Back-to-back: Forsyth Cup stays in Kingston

Boljkovac leads improbable comeback; Nationals cancelled

The men’s volleyball team is still the best in Ontario.
Rick Zazulak

The men’s volleyball team has done it again, coming back from being down two sets to none to win the OUA Championship over the University of Toronto Varsity Blues.

The Gaels lost both of their regular season matchups with the OUA East’s number one seed, and they were poised to fall again last Saturday until they caught fire and reeled off three straight sets to win the Forsyth Cup.

However, the Gaels won’t have the opportunity to compete for the national crown—after initially moving to play the championships without fans due to the coronavirus pandemic, U SPORTS has now decided to cancel the entire tournament.

This follows the cancellation of the men’s and women’s hockey tournaments in Nova Scotia, and more broadly, the suspension of the NBA, NHL, and NCAA seasons.

Queen’s started slowly against Toronto, and Toronto made them pay for it. The Blues weren’t intimidated by the defending champs—24 of their 50 points in the first two sets came off of kills. 

Moreover, untimely errors in the first two sets made it difficult for Queen’s to get any runs going. The presence of veteran Chris Towe on the U of T team was also felt in the first two sets with many points coming off his spikes or his inclusion in the play. By the end of the second set, you could see the frustration and urgency in the Queen’s players’ eyes.

Queen’s flipped the switch in the third set. Playing to their strengths and staying composed, Queen’s jumped to an early four-point lead partly thanks to a fantastic stretch of serving and attacking by U SPORTS rookie of the year Erik Siksna.

The four-point lead ballooned up to 11 points, and Queen’s won the set 25-14. What was most remarkable about this set was Queen’s substantial showing of serving. In the past, Queen’s has had issues with its service game. Yet, in the third set of this match, they managed to get six aces while limiting their service errors to only two.

The momentum was completely reversed. Queen’s offence roared to life, putting away 11 kills in the fourth set, their most of any set in the game. Setter Zane Grossinger was the catalyst, dishing out eight of his 35 assists in the fourth, which Queen’s won 25-17.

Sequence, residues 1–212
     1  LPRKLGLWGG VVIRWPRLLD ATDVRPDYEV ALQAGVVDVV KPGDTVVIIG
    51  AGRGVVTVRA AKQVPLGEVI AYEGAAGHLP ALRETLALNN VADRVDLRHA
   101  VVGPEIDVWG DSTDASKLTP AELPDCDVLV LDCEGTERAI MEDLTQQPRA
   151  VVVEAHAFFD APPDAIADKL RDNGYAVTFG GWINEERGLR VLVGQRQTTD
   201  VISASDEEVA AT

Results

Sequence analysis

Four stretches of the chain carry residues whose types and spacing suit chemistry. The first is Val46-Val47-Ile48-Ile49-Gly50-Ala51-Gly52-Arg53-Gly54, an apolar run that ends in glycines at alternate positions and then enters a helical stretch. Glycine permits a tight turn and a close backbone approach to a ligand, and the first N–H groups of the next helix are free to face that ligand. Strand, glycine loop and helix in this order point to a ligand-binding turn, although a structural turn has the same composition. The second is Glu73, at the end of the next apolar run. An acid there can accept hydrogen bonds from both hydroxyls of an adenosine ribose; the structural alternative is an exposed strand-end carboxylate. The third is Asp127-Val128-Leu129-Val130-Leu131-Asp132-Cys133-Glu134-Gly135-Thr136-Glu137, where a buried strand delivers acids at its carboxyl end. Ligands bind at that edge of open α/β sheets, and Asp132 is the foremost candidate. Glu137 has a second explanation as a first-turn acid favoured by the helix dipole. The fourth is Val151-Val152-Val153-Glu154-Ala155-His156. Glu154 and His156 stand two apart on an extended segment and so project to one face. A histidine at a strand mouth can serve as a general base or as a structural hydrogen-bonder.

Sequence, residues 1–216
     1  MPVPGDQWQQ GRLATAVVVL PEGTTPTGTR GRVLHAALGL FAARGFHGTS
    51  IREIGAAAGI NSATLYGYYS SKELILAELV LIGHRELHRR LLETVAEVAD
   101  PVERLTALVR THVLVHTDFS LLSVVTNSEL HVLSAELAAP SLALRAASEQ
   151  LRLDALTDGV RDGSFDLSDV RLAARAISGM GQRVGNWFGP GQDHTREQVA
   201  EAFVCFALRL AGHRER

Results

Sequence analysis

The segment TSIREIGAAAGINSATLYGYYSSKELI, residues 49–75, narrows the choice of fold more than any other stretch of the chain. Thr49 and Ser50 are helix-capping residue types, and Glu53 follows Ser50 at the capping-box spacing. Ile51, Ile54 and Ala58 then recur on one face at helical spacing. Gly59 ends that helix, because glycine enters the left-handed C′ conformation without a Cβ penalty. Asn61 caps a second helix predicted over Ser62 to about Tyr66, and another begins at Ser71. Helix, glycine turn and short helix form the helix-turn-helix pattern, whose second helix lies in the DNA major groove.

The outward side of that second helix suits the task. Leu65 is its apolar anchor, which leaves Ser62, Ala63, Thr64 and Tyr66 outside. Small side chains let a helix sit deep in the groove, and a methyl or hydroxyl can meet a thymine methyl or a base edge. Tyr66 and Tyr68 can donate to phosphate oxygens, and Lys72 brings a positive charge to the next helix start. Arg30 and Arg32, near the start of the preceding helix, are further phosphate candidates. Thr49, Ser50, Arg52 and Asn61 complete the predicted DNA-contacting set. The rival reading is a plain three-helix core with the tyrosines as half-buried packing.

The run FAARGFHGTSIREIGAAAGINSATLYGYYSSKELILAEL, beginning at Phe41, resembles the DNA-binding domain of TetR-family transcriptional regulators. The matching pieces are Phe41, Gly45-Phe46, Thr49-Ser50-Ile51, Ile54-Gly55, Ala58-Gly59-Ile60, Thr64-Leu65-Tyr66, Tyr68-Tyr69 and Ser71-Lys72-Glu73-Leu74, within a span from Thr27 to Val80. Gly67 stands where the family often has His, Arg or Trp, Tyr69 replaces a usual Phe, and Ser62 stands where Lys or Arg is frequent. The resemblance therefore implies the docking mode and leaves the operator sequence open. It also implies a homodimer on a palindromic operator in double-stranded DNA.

The Gael’s defence was smothering over this stretch—they badgered Toronto into making 12 errors over the course of the third and fourth sets. The production from both sides of the floor helped Queen’s even up the score 2-2, forcing the match to a decisive fifth set.

In the final set, the Gaels stormed out to a 4-1 lead on the power of four kills by Boljkovac on four assists by Grossinger.

U of T clawed back to win the next three points, tying the set up 4-4. The teams stayed close, trading points a service error by Toronto’s Jordan Figeueira made it 10-8 for the Gaels, forcing a Toronto timeout.

Just five points separated the Gaels from the Forsyth repeat, and they didn’t waste any time earning them. Erik Siksna answered a Toronto kill with one of his own, and then Dax Tompkins got two consecutive blocks to make the score 13-9.

The teams committed an error each before Boljkovac won the game with his sixth kill of the set, and the Gaels won 15-10.

“The most resilient group of young men that I’ve worked with,” DeGroot told The Journal. “All season long they have faced different types of adversity and just seem to come back stronger and stronger.”

“Regardless of the score, they seem to just keep battling for each and every point. They also find ways to enjoy each and every moment which has helped them stay in the moment. This team is truly a pleasure to work with.”

Last year, the Gaels beat the McMaster Marauders in the finals to win the Forsyth Cup (after handling Toronto 3-1 in the semis), and they had to get through the Marauders in this year’s iteration of the playoffs as well.

A lot was at stake—not only would the winner move on to the finals, they clinched a berth at nationals, while the loser would have to win the bronze medal game to punch their ticket.

Coming into this game, Queen’s had earned three-set sweeps in eight of their last nine matches. This game was not one of those—it took all five sets for the Gaels to prevail.

More often than not, elongated rallies and skill-based plays would win the point for either side in this game. Errors were hard to come by, as Queen’s limited themselves to only 23, and McMaster committing only slightly more, finishing with 28.

The teams were evenly matched on the court in many senses, but the X-factor was mental toughness—the Gaels’ veteran players were calmer and more composed.

So, even when down 9-7 in the fifth set, you could tell the Queen’s team still had the determination and confidence to come back. Strong plays by both outside hitters Adam Boljkovac and Zac Hutcheson would edge Queen’s to come back and win the deciding set 15-13.

“On the mental side of the game and of our preparation, we feel we are building a stronger and stronger edge on McMaster,” said Coach DeGroot. “Six straight matches against them would be a big next step.”

The Gaels, who were slated to play the Marauders in the U SPORTS quarterfinals, won’t get the chance to make it six in a row until next season. 

It’s a tough way to end the season, especially considering the form Queen’s was in, and especially for fifth-year Zac Hutcheson, but at least the Gaels have an OUA Championship to comfort them.

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